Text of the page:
House Documents, Otherwise Publ. as Executive Documents: 13th Congress, 2d Session-49th Congress, 1st Session, Volume 1

Front Cover
 

What people are saying - Write a review

We haven't found any reviews in the usual places.

Other editions - View all

Common terms and phrases

Popular passages

Page 12 - Caroline was governed by a hostile intent or had made common cause with those who were in the occupancy of Navy Island, then so far as he is concerned there can be no claim to indemnity for the destruction of his boat which this Government would feel itself bound to prosecute, since he would have acted not only in derogation of the rights of Great Britain, but in clear violation of the laws of the United States...
Page 57 - Russia, and no higher or other duties shall be imposed on the importation into the empire of Russia, of any article the produce or manufacture of the United States, than are, or shall be payable on the like article, being the produce or manufacture of any other foreign country.
Page 4 - An act further to amend the several acts for the establishment and regulation of the Treasury, War, and Navy Departments.
Page 18 - In pursuance of a pledge given to you in my last message to Congress, which pledge I urge as an apology for adventuring to present you the details of any plan, the Secretary of the Treasury will be ready to submit to you, should you require it, a plan of finance which, while it throws around the public treasure reasonable guards for its protection, and rests on powers acknowledged in practice to exist from the origin of the Government...
Page 6 - Exchequer, and made payable to the order oif the principal agent at each agency, and shall be by him endorsed when issued at such agency, and which notes shall be redeemable, and shall be redeemed, in gold and silver, on demand, at the agency where issued.
Page 21 - I can do no more than express the belief that each State will feel itself bound by every consideration of honor as well as of interest to meet its engagements with punctuality. The failure, however, of any one State to do so should in no degree affect the credit of the rest, and the foreign capitalist will have no just cause to experience alarm as to all other State stocks because any one or more of the States may neglect to provide with punctuality the means of redeeming their engagements.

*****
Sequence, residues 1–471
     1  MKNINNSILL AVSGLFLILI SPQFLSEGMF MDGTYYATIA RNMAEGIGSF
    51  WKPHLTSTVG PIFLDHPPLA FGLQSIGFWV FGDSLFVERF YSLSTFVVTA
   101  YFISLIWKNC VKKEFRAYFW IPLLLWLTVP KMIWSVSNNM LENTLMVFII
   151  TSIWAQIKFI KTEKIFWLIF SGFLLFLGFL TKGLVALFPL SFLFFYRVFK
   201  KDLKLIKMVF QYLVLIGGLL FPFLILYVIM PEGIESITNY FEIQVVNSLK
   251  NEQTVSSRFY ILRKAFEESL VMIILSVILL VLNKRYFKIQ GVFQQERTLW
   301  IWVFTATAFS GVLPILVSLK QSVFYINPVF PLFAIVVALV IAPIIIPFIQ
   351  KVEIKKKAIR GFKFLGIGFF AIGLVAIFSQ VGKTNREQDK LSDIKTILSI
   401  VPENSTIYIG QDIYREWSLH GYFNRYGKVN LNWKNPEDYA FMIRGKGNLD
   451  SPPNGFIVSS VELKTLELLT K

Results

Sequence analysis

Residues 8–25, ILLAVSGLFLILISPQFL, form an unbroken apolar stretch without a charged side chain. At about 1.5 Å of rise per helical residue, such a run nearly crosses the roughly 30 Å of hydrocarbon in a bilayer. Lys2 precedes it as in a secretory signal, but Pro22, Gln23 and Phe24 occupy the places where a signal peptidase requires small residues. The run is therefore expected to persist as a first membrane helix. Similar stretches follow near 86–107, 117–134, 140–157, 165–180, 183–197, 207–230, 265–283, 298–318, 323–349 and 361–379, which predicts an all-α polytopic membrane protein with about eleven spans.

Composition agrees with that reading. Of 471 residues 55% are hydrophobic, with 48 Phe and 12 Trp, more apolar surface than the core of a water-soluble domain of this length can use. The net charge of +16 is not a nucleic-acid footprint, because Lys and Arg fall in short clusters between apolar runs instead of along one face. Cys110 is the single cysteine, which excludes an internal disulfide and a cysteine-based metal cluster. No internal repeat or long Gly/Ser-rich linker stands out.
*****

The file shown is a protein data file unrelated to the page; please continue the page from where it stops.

Page 11 - ... their commencement, and at the option of the party, of all such cases as may hereafter arise, and which may involve the faithful observance and execution of our international obligations, from the State to the Federal Judiciary. This Government, by our institutions, is charged with the maintenance of peace and the preservation of amicable relations with the nations of the earth, and ought to possess, without question, all the reasonable and proper means of maintaining the one and preserving the...
Page 11 - I regret that it is not in my power to make known to you an equally satisfactory conclusion in the case of the Caroline steamer, with the circumstances connected with the destruction of which, in December, 1837, by an armed force fitted out in the Province of Upper Canada, you are already made acquainted. No such atonement as was due for the public wrong done to the United States by this invasion of her territory, so wholly irreconcilable with her rights as an independent power, has 37et been made.
Page 13 - ... the maritime code at the mere will and pleasure of other governments. We deny the right of any such interpolation to any one, or all the nations of the earth, without our consent. We claim to have a voice in all amendments or alterations of that code ; and when we are given to understand, as in this instance, by a foreign government, that its treaties with other nations...
Page 14 - The failure on the part of Spain to pay with punctuality the interest due under the convention of 1834 for the settlement of claims between the two countries has made it the duty of the Executive to call the particular attention of that Government to the subject. A disposition has been manifested by it, which is believed to be entirely sincere, to fulfill its obligations in this respect so soon as its internal condition and the state of its finances will permit.

Bibliographic information